Saturday, 25 June is ‘Day of the Seafarer’. It’s an opportunity to raise awareness of the vital role seafarers play in the world economy and of career opportunities at sea. But most importantly it is an opportunity for the world to say: “Thank you, seafarers”.
In 2010, International Maritime Organization (IMO) Member States agreed that the unique contribution made by seafarers from all over the world to international seaborne trade, the world economy and civil society as a whole, should be marked annually with a ‘Day of the Seafarer’ — a celebration of seafarers across the globe.
It’s also a chance to address the issues facing the modern day seafarer such as piracy.
In an article on their webpage, the IMO is asking everyone to voice their support using social media networks. On the Day of the Seafarer, the IMO asks people around the globe to say “Thank you, seafarers” on Facebook
, via tweets, by posting a video on YouTube, discussing on LinkedIn, or even writing an inspirational blog.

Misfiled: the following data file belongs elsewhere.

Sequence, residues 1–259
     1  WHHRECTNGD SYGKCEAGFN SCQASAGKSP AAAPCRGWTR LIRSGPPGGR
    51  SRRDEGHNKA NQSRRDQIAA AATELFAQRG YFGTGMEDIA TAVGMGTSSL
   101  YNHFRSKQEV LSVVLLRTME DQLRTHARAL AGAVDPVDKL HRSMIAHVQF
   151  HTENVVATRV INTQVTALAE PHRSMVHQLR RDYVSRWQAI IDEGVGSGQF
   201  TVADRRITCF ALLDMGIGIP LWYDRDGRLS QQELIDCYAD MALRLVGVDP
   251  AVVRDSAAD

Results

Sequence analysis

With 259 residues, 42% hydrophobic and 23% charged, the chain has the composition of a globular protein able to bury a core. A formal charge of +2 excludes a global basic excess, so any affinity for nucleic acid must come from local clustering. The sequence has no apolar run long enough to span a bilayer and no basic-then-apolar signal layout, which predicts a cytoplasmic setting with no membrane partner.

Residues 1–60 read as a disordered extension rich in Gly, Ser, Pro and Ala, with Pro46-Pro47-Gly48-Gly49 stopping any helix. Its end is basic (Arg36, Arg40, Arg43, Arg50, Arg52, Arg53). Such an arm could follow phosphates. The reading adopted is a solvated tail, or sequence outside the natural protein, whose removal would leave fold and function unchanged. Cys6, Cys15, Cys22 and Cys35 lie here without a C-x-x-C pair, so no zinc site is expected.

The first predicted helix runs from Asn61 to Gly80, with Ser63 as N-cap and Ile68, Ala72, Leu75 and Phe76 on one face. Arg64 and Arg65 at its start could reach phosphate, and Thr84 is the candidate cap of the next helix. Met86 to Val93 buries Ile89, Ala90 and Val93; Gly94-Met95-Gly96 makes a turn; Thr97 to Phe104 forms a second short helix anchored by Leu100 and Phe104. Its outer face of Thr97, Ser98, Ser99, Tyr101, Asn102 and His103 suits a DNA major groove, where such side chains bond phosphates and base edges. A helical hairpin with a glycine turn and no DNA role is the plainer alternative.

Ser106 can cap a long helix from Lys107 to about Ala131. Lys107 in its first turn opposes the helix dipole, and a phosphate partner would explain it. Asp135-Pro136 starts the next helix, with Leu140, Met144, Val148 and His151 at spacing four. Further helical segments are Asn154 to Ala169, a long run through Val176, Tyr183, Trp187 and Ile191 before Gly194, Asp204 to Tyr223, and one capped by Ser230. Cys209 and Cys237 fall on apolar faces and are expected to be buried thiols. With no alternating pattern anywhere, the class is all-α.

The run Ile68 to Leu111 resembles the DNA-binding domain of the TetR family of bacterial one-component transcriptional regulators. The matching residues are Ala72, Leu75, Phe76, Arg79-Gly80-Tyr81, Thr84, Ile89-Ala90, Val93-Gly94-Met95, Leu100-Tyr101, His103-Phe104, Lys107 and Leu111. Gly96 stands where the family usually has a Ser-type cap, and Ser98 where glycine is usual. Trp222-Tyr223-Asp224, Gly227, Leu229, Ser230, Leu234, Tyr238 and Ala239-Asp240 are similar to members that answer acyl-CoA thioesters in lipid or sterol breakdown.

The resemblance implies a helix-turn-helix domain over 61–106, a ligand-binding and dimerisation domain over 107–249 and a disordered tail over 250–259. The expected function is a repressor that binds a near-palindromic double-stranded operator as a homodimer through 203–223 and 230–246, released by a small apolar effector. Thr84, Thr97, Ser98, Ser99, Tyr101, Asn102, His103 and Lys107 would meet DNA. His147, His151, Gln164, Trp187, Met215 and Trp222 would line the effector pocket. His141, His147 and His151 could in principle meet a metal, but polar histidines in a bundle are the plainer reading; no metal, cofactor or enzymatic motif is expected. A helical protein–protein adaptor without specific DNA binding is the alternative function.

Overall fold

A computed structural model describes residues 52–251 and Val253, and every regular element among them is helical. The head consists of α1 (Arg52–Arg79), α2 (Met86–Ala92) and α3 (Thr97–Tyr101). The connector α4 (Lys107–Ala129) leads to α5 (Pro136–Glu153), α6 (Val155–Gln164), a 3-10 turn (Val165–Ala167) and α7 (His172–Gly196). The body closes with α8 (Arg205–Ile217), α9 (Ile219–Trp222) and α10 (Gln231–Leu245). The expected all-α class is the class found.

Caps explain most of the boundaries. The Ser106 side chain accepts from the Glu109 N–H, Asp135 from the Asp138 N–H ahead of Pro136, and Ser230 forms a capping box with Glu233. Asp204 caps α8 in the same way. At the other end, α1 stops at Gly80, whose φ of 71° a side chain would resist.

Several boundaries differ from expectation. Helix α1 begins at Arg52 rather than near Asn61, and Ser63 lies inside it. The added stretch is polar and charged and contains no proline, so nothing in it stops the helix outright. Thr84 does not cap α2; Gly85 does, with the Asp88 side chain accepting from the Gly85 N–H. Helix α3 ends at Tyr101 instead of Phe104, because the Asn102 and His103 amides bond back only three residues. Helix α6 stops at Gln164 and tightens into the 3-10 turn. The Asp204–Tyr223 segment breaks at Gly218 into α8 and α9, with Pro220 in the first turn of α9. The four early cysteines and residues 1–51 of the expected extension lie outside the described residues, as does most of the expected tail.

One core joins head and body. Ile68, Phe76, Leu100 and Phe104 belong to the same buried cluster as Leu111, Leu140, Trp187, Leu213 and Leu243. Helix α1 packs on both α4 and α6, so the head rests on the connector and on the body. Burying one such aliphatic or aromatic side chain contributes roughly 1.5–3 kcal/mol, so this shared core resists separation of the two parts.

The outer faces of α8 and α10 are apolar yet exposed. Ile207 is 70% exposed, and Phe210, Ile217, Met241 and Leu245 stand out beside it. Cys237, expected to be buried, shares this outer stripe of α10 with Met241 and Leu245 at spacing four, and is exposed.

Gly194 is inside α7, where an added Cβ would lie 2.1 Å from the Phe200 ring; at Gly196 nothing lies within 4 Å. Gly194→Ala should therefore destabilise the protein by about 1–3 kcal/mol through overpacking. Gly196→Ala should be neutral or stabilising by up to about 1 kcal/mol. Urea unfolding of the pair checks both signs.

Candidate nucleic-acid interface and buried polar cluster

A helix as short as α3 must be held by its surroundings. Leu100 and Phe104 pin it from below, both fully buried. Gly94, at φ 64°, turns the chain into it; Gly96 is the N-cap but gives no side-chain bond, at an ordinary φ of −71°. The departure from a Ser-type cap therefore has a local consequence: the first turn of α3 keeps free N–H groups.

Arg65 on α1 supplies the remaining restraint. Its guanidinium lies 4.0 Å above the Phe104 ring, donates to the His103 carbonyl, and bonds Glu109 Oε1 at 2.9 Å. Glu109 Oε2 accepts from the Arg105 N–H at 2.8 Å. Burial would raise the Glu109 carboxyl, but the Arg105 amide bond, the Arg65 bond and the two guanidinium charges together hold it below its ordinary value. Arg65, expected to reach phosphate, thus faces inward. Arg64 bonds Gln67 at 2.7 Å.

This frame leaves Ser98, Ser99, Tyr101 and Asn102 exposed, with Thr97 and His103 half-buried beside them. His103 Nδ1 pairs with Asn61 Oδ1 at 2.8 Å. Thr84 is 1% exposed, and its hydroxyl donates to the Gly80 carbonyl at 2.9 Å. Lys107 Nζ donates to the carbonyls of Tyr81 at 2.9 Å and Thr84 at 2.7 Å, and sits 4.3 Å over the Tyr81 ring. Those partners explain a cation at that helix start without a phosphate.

Maersk Line is of course very much in support of this initiative, and we encourage you all to voice your support.
Respect, recognition and gratitude
According to the IMO, the aim of the day is to “pay tribute to the world’s 1.5 million seafarers for the unique and all-too-often overlooked contribution to the well-being of the general public, and we would like to do it using as many social media networks as possible.”
The statement adds that by generating interaction on the web about seafarers, we want to “show respect, recognition and gratitude to seafarers everywhere. The universal outreach of social media will raise awareness of the vital role that seafarers play in the world economy and, in many respects, in sustainable development, enabling ships to carry than 90 % of world trade safely, efficiently and with minimal impact on the environment.”
To see how exactly you can support the initiative, you can find the IMO tool kit HERE
|The date chosen was 25 June, the day on which milestone revisions to the International Convention on Standards of Training, Certification and Watchkeeping for Seafarers (the STCW Convention) and its associated Code were adopted at a Diplomatic Conference in Manila, The Philippines.